The mandatory inclusion of Street Pass makes up the final, if forgettable multiplayer mode, called Street Smash. Here, the player controls a coin (depicting the icon of a character in the game) from a top town perspective in a grassy field. Players can then challenge street passed players to a dual where the objective is to use a ram attack to knock the other player's coin off the stage. There really is no challenge to this game, as all the opponents are controlled by AI, and unlike the player do not use the shield or dodge moves, and therefore are easily counter. It's a rather mindless experience that earns the players the equivalent of pocket change and a random equipment, special, outfit, or headgear drop. It's not offensive or intrusive by any means, and the matches are relatively quick, it's just all rather meaningless in the face of the fantastic local multiplayer.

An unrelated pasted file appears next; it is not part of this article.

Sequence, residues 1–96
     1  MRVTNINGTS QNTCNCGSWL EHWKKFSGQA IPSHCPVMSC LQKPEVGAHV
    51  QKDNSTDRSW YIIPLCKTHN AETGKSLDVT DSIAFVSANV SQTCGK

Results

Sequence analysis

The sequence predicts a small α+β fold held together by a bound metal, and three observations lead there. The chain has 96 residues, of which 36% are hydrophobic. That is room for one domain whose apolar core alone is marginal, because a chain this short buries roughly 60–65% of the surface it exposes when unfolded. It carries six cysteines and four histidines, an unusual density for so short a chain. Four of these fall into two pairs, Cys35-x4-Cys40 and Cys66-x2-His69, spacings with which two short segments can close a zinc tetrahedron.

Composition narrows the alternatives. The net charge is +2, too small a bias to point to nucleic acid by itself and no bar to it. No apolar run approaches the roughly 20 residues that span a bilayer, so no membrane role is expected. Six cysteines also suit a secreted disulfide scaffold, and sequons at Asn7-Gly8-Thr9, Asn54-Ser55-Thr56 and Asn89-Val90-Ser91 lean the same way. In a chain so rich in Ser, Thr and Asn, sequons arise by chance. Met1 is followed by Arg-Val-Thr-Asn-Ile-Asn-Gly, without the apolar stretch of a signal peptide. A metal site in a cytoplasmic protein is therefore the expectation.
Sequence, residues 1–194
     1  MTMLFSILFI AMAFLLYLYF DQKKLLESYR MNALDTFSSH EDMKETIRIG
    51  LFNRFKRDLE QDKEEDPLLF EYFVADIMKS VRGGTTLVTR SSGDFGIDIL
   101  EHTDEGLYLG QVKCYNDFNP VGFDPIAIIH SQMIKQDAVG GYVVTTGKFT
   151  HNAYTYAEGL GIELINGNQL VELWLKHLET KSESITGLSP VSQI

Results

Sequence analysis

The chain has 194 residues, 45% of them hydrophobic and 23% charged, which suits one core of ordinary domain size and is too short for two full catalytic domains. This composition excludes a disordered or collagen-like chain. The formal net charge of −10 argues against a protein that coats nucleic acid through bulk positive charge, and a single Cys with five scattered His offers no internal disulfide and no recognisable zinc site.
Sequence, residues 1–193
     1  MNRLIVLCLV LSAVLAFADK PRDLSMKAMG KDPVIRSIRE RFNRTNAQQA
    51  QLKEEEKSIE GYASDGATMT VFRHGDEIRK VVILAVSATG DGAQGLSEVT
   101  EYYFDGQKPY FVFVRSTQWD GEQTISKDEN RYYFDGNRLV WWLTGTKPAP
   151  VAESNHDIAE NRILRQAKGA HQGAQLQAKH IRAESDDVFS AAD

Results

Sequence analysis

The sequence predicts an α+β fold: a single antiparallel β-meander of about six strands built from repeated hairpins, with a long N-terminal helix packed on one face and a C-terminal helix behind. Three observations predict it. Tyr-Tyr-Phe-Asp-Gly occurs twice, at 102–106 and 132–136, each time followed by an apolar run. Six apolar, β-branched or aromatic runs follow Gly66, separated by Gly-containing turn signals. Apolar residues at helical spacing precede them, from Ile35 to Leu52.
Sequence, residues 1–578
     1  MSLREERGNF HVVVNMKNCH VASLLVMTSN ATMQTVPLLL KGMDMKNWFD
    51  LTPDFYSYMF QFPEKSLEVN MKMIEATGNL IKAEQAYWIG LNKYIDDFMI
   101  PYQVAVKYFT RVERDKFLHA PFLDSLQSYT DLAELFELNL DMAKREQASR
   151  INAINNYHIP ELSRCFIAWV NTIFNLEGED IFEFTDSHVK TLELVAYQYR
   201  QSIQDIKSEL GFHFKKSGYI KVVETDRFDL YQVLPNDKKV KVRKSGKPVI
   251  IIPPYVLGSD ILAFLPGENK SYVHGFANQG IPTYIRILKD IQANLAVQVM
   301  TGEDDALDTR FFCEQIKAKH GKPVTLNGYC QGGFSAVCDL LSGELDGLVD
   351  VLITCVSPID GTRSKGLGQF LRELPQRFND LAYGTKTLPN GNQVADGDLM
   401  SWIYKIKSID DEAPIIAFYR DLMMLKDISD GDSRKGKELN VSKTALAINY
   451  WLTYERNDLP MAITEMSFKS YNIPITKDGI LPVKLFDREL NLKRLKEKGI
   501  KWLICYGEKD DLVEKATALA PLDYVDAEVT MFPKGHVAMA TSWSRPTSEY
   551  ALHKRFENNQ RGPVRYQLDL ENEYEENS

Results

And really, it is for the local multiplayer that this game deserves a recommendation. Players that have never fallen in love with the franchise won't find any significant changes to the formula, but returning and new fans will find a ton of content to delve into. The core fighting systems are incredibly easy to get a handle on while still satisfying to master, and the presentation is a real spectacle on the handheld thanks to the gorgeous graphics and impeccable sound design. With a wealth of solo mode content, seemingly bottomless amount of trophies and custom parts, and endless hours of entertainment that can be had playing with and against friends makes Super Smash Bros. for Nintendo 3DS an easy game to recommend to those looking for a rewarding fighting experience on the go, despite its technical limitations and lack of true innovation.